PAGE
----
Tuesday, April 25, 2017

using sensory language to make your writing come alive

Good article here including strong examples: http://tinyurl.com/mane9ju .

writing opportunity for Greater Edmonton Area seniors

Strathcona Place



Award prizes of $500 available for writers aged 55-plus


The Strathcona Place Seniors Society of Edmonton is seeking entries for the 2017 edition of the John W. Bilsland Award. Inaugurated in 2015 to celebrate and foster the creativity of older writers, this year the award is being expanded in geographical scope.


Writers aged 55 years and older who live in the Greater Edmonton Area are eligible to submit work to be considered for this year’s award.  Prizes of $500 will be awarded in each of three categories: short fiction, short non-fiction and poetry.


The deadline for award submissions is June 22, 2017.


For entry rules and regulations, and to download an entry form, go to www.strathconaplace.com. Entry forms are also available at the Strathcona Place Senior Centre, 10831 University Avenue. For further information email strathconaplace@outlook.com.


The late John W. Bilsland, MA (British Columbia), PhD. (Toronto), was Professor of English at the University of Alberta. In addition to his 30-year professional teaching career, as a volunteer he taught creative writing at the Strathcona Place Senior Centre for more than 25 years. During that time seniors who attended his classes produced more than 20 publications, including books.


Strathcona Place Seniors Centre has been serving older adults in south Edmonton for 43 years, providing a range of social and recreational programs.


Please publish in your newsletter and/or circulate to your membership.


Monday, April 17, 2017

can you write about an anniversary in 50 words or less?

On The Premises, an online magazine, is running another mini-contest. Here’s what they say about it: “Show, tell, or evoke a complete story in no more than 50 words in which the idea of some kind of anniversary plays a part. Remember we value creativity so the most obvious ideas might not be the ones most likely to win (unless they are REALLY well done, because we care about quality, too).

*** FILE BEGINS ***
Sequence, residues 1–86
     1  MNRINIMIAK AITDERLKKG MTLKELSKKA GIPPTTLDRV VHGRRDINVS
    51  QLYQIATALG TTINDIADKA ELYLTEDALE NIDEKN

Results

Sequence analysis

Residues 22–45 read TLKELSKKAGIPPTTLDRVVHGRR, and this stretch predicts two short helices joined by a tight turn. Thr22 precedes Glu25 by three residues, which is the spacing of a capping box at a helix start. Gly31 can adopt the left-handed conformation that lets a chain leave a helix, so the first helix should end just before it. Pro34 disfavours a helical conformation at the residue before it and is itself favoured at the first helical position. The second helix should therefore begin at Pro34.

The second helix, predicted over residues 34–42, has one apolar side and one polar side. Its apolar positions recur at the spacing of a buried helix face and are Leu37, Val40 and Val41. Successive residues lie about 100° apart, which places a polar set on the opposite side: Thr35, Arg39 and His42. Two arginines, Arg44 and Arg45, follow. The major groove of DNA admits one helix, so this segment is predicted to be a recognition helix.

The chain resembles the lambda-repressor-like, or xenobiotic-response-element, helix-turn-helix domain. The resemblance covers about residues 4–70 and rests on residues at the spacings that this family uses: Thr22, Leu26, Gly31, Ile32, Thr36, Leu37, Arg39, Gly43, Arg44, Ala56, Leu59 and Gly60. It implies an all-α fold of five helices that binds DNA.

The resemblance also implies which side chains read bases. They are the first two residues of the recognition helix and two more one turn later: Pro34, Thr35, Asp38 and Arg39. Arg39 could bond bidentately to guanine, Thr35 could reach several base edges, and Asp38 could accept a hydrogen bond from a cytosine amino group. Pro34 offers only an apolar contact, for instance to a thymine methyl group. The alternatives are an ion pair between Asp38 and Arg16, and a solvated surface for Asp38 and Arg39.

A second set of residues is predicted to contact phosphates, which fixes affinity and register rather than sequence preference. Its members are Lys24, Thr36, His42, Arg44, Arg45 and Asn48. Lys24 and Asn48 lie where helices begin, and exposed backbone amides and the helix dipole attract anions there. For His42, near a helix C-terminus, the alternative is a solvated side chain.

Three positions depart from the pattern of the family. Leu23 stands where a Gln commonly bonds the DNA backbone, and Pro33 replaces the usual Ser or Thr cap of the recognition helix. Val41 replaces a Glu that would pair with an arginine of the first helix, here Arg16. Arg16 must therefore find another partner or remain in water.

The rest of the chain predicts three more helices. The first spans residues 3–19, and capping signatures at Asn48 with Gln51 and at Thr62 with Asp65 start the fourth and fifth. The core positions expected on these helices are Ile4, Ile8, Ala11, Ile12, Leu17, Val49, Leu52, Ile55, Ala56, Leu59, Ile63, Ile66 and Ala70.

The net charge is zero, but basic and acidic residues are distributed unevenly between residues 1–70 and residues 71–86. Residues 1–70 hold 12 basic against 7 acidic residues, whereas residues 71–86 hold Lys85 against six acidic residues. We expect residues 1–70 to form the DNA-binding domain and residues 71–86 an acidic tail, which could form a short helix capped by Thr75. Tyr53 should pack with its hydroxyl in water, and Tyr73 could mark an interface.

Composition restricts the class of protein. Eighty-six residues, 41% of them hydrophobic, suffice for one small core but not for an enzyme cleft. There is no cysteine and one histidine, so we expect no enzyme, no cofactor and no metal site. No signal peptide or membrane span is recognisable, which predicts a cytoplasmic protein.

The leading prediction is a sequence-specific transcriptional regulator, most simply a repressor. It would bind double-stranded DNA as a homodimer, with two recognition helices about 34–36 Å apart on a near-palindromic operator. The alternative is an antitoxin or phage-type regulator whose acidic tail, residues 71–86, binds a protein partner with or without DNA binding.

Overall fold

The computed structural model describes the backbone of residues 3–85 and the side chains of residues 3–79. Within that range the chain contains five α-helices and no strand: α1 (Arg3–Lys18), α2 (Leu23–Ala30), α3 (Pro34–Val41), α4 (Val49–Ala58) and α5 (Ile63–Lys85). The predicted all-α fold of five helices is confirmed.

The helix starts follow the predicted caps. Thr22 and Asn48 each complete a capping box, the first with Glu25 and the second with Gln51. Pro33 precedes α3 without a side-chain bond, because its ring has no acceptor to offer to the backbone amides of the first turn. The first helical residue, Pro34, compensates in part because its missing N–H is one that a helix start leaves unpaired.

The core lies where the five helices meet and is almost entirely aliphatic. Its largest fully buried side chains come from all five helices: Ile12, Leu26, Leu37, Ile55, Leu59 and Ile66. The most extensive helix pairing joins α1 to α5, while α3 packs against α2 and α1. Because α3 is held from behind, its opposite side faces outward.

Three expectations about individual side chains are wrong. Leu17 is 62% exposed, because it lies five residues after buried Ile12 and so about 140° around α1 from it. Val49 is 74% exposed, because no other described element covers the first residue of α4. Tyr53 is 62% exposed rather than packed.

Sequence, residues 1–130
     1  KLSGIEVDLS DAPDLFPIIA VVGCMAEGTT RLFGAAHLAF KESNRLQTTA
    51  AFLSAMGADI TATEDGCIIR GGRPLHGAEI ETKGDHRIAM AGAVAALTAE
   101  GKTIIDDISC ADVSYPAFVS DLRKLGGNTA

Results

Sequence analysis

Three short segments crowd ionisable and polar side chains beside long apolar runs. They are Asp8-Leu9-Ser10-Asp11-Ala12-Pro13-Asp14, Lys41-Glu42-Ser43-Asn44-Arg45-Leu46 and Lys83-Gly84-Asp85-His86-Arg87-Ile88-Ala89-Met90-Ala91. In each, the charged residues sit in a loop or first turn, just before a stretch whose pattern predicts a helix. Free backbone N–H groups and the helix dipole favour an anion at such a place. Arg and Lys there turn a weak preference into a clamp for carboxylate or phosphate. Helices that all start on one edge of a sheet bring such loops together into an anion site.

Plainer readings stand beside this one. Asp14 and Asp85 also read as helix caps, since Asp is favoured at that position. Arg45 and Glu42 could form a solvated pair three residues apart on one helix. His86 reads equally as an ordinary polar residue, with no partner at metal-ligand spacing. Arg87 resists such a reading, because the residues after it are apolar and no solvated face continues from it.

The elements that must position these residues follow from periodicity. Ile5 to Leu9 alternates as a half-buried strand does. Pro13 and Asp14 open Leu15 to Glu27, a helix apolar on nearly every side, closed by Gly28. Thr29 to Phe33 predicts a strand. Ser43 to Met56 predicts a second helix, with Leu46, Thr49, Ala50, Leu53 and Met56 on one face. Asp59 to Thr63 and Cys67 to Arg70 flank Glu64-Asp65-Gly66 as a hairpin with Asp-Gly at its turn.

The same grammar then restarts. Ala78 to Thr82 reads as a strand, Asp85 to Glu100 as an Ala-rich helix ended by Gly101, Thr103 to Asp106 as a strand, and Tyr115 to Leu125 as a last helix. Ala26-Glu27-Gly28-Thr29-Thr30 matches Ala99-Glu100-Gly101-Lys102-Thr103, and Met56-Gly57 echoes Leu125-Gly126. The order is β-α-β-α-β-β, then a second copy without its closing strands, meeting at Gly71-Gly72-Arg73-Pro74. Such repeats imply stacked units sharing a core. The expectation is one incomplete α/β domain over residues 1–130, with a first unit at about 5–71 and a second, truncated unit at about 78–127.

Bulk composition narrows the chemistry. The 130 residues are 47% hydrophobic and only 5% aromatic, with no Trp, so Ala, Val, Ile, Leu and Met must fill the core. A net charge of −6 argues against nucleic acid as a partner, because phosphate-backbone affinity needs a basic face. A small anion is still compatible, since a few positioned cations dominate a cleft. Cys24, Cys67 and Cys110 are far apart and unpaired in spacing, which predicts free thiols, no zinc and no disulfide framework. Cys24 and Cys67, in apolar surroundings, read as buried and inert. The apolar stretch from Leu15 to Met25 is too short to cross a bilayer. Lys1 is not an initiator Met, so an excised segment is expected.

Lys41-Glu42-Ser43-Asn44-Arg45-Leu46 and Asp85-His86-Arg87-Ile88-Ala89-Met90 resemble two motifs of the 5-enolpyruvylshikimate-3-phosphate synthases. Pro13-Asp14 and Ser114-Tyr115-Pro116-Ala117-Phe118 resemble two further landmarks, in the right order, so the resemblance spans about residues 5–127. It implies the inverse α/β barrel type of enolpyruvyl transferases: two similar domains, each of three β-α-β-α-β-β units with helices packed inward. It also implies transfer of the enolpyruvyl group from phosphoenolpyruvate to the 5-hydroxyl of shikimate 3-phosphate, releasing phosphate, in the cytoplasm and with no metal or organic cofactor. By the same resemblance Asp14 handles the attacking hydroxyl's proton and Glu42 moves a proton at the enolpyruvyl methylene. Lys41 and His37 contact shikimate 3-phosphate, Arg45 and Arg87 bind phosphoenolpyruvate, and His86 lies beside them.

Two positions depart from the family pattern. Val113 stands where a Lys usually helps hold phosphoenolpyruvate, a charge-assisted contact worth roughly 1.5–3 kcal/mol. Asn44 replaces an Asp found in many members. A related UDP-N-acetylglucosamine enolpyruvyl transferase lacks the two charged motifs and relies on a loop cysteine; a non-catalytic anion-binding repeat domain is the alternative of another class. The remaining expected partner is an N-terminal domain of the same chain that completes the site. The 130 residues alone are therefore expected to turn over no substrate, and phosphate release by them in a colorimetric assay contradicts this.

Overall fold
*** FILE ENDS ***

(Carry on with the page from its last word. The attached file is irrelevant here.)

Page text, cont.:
One entry per author. No fee for entering. Maximum length of 50 words.

Deadline: Friday, May 5, 2017, 11:59 PM Eastern Time.

Hyphenated Words: If the hyphenated word is generally considered a single word, it counts as one word. (Like "twenty-five" or "jack-o-lantern.") Otherwise each part of the hyphenated word counts separately.

Prizes: $25 for first, $15 for second, $10 for third. Honorable mentions get published but make no money.

To submit, go to https://onthepremises.submittable.com/Submit and follow the instructions. If you don't already have a (free) Submittable account, you'll be prompted to make one.”


Saturday, April 15, 2017

a couple of writing contests

David Greber award for freelance writers living in Canada and writing on topics relating to social justice. There’s a book award, also an award for a magazine article. Deadline for both June 16, 2017

http://www.greberwritingaward.com/ .


Mother Tongue novel contest for authors living in BC. $40 entry fee, deadline August 1, 2017  http://www.mothertonguepublishing.com/contest/great-bc-novel-contest.html


Want to beat writer's block? BookBaby advises.

Want to write but can’t make yourself do it? This article gives 21 tips for beating that discouraging condition: http://tinyurl.com/mdlt68c . [Picture courtesy of Pixabay.]

Thursday, April 13, 2017

Canada 150 BRAIN-TEASER 1

Canada 150 BRAIN-TEASER Canadian landscape artists formed the Group of Seven in 1920, three years after artist Tom Thomson's mysterious death. True or False? For the full story, see my book YesterCanada: Historical Tales of Mystery and Adventure. It's available online from Amazon, Chapters Indigo, or the publisher, Borealis Press of Ottawa. [Photo of Tom fishing from the Library and Archives Canada]


Monday, April 10, 2017

Shirley Dodding's review of YesterCanada: Historical Tales of Mystery and Adventure

I just want to write you a note about your wonderful book:  YesterCanada. 


We have just returned from California and I read your wonderful pieces on the plane going there and coming back.  I am extremely impressed with the facts, knowledge and expertise you showed in how to write non-fiction and make it come alive.


Each story was brimming with colour whether it be in the tale itself or in the trees, landscape or the emotional feelings of the people.  I could feel them, I could walk with them and I could see how they felt in every aspect of their life and journey.


Thank you, Elma, for such a rich tapestry of Canada, our heritage and

our proud lifestyle.